Perennials are plants that live for more than three years, returning each spring as the weather warms up to once again brighten the landscape. With more than 150 species, roses have been in existence for more than 35 million years. While roses in the home garden may not last quite that long, proper site selection, planting, care and pruning will ensure that perennial roses do continue to bloom every year.
When purchasing roses for the garden, select varieties that are hardy to the U.S. Department of Agriculture hardiness zone for the area. Roses need full sun, well-drained soil and good air circulation. Morning sun is beneficial as it helps to dry the leaves and prevent possible disease, and some afternoon shade will prolong the quality of the blooms. Roses will adapt to most soil types but prefer a fertile spot. When planting, enhance the area with organic material like compost or manure to increase the soil quality. The ideal soil pH for roses is 6.0 to 7.0; ensure the bed is properly prepared before planting.
Dig the hole deep and wide enough to accommodate plant roots, keeping the bud union level with the soil. Place the plant in the hole, fill two-thirds with soil, and add water, creating a muddy mix that gets through the roots. After the water has drained, add more soil and repeat the mud process until reaching the original soil level.
Roses need 1 inch of water per week and sandy soil, and dry spells will require an increased watering frequency. Soaker hoses are ideal for roses because they deliver consistent moisture while keeping the leaves dry. Use a 10-10-10 fertilizer early in the season and again in mid-June, surrounding the plant 6 inches out. For roses that bloom repeatedly, apply another light fertilization in the middle of July, but do not apply any more after mid-August as it may promote growth that will not survive the winter.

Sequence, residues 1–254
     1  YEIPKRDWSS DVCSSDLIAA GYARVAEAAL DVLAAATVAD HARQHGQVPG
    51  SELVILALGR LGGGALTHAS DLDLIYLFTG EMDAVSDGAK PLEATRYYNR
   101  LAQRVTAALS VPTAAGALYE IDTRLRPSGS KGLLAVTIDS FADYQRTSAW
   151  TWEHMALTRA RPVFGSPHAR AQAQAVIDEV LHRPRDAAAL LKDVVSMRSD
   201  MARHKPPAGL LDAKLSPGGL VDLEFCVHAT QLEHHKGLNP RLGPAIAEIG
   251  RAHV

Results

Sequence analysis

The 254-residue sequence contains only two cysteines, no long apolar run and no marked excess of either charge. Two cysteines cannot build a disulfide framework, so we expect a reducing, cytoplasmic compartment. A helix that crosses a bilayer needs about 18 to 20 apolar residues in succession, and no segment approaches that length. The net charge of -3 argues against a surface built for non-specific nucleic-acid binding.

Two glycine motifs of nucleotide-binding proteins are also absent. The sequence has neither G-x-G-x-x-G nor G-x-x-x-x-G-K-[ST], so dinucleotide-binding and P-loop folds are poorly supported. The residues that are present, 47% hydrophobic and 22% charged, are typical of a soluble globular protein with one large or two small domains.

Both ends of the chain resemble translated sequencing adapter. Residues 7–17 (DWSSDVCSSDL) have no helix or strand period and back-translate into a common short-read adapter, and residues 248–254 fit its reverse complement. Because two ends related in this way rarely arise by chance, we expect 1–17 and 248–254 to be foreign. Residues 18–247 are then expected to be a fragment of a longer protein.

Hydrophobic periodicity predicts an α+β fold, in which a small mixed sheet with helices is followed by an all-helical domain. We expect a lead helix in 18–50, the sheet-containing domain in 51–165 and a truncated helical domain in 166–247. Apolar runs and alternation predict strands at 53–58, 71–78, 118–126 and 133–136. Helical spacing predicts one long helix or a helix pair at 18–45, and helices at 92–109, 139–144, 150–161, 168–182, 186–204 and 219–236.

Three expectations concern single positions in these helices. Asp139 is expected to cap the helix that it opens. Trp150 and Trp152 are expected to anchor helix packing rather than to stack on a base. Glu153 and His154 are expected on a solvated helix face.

Keeping roses consistently cold and frozen rather than experiencing freezing and thawing numerous times is key to winter survival. As winter approaches, mound roses with 12 inches of a soil/compost mix, pruning any tall plants to prevent stem damage. Once the mound freezes, cover with evergreen cuttings or straw to help insulate the plant. A rose that goes into winter healthy has a good chance of coming out of the winter healthy so good summer care is essential.
Pruning requirements vary depending on the type of rose, but all roses share the same pruning basics. Use clean, sharp pruners and cut at a 45-degree angle. Remove all dead wood or any canes that are thin, not growing well or weak, and deadhead any spent flowers at an outward-facing bud above a group of five or seven leaflets.
An avid gardener and nature enthusiast, Cheryl Losch has been writing since 2008. Her work has regularly appeared in "Strathroy First Magazine" and the "Strathroy Age-Dispatch," as well as a variety of garden related websites. Losch is also a member of the Garden Writers Association and is a member of the London-Middlesex Master Gardeners.